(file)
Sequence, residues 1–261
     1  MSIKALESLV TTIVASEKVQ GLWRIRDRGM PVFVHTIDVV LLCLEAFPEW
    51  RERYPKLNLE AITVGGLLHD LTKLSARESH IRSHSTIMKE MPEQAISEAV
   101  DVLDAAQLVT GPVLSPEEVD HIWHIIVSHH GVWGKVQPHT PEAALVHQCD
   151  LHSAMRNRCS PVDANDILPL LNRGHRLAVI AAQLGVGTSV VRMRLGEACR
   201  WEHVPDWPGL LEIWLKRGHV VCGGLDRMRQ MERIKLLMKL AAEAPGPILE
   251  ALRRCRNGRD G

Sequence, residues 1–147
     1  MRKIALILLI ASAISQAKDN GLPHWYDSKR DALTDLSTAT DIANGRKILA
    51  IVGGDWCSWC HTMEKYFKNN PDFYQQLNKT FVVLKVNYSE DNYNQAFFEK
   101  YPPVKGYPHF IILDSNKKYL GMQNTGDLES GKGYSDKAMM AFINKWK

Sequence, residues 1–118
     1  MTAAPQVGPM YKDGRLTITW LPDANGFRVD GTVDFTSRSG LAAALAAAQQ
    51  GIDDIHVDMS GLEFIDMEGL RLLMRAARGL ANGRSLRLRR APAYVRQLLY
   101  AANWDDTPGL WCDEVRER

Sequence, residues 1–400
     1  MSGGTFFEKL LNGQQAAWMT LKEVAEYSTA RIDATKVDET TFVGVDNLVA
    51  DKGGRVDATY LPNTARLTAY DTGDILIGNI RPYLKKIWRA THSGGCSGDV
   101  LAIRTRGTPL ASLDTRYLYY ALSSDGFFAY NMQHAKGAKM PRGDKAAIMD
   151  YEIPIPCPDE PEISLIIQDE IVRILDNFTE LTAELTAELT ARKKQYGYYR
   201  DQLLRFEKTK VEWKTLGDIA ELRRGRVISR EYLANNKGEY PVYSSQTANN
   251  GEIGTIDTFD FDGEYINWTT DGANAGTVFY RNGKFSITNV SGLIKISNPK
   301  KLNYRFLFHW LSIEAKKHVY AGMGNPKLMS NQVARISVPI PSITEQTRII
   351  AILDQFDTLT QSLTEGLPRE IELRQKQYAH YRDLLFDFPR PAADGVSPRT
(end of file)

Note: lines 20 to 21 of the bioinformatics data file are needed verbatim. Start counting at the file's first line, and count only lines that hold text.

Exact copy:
   151  YEIPIPCPDE PEISLIIQDE IVRILDNFTE LTAELTAELT ARKKQYGYYR
   201  DQLLRFEKTK VEWKTLGDIA ELRRGRVISR EYLANNKGEY PVYSSQTANN